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Do You Know What MGP Ingredients, Inc.'s (NASDAQ:MGPI) P/E Ratio Means?

The goal of this article is to teach you how to use price to earnings ratios (P/E ratios). We'll show how you can use MGP Ingredients, Inc.'s (NASDAQ:MGPI) P/E ratio to inform your assessment of the investment opportunity. Based on the last twelve months, MGP Ingredients's P/E ratio is 29.11. In other words, at today's prices, investors are paying \$29.11 for every \$1 in prior year profit.

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How Do I Calculate A Price To Earnings Ratio?

The formula for price to earnings is:

Price to Earnings Ratio = Share Price ÷ Earnings per Share (EPS)

Or for MGP Ingredients:

P/E of 29.11 = \$64.56 ÷ \$2.22 (Based on the year to March 2019.)

Is A High Price-to-Earnings Ratio Good?

A higher P/E ratio means that buyers have to pay a higher price for each \$1 the company has earned over the last year. That is not a good or a bad thing per se, but a high P/E does imply buyers are optimistic about the future.

How Growth Rates Impact P/E Ratios

Earnings growth rates have a big influence on P/E ratios. If earnings are growing quickly, then the 'E' in the equation will increase faster than it would otherwise. That means unless the share price increases, the P/E will reduce in a few years. So while a stock may look expensive based on past earnings, it could be cheap based on future earnings.

MGP Ingredients saw earnings per share decrease by 9.6% last year. But EPS is up 11% over the last 3 years.

Does MGP Ingredients Have A Relatively High Or Low P/E For Its Industry?

The P/E ratio essentially measures market expectations of a company. The image below shows that MGP Ingredients has a P/E ratio that is roughly in line with the beverage industry average (29.4).

That indicates that the market expects MGP Ingredients will perform roughly in line with other companies in its industry. So if MGP Ingredients actually outperforms its peers going forward, that should be a positive for the share price. I inform my view byby checking management tenure and remuneration, among other things.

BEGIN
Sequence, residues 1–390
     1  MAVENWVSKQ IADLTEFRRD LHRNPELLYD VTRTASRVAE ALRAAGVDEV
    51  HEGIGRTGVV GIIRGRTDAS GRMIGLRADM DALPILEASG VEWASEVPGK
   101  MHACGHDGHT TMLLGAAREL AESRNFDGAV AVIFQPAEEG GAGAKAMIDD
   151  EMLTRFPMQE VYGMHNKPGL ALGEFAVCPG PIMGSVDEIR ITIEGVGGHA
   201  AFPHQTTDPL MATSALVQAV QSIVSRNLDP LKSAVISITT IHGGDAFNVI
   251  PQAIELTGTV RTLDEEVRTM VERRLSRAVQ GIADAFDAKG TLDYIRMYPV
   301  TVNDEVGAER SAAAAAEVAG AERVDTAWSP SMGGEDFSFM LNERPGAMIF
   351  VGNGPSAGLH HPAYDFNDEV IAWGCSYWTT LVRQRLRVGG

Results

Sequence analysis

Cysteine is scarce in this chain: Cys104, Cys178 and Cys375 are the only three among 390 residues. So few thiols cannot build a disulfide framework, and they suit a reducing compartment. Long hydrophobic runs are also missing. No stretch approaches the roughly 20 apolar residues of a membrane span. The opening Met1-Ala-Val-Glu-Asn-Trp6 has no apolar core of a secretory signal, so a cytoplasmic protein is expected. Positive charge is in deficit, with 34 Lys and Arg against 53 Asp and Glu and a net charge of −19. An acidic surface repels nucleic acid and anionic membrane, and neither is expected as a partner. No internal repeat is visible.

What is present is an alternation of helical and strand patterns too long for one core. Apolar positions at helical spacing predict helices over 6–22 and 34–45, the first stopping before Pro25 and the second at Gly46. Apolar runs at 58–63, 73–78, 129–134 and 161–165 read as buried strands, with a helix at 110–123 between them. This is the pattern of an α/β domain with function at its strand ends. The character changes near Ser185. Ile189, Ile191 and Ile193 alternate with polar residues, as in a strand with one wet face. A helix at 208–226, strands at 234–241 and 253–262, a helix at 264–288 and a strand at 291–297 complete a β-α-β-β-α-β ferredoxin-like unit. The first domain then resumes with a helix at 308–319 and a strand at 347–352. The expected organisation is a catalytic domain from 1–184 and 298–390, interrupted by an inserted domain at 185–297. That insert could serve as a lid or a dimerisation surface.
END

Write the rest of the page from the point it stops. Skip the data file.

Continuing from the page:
A Limitation: P/E Ratios Ignore Debt and Cash In The Bank

Don't forget that the P/E ratio considers market capitalization. So it won't reflect the advantage of cash, or disadvantage of debt. Hypothetically, a company could reduce its future P/E ratio by spending its cash (or taking on debt) to achieve higher earnings.

Such expenditure might be good or bad, in the long term, but the point here is that the balance sheet is not reflected by this ratio.

MGP Ingredients's Balance Sheet

MGP Ingredients's net debt is 4.1% of its market cap. The market might award it a higher P/E ratio if it had net cash, but its unlikely this low level of net borrowing is having a big impact on the P/E multiple.

The Verdict On MGP Ingredients's P/E Ratio

MGP Ingredients has a P/E of 29.1. That's higher than the average in the US market, which is 17.7. With modest debt but no EPS growth in the last year, it's fair to say the P/E implies some optimism about future earnings, from the market.

Investors should be looking to buy stocks that the market is wrong about. If the reality for a company is better than it expects, you can make money by buying and holding for the long term. So this free visualization of the analyst consensus on future earnings could help you make the right decision about whether to buy, sell, or hold.

You might be able to find a better buy than MGP Ingredients. If you want a selection of possible winners, check out this free list of interesting companies that trade on a P/E below 20 (but have proven they can grow earnings).

We aim to bring you long-term focused research analysis driven by fundamental data. Note that our analysis may not factor in the latest price-sensitive company announcements or qualitative material.

If you spot an error that warrants correction, please contact the editor at editorial-team@simplywallst.com. This article by Simply Wall St is general in nature. It does not constitute a recommendation to buy or sell any stock, and does not take account of your objectives, or your financial situation. Simply Wall St has no position in the stocks mentioned. Thank you for reading.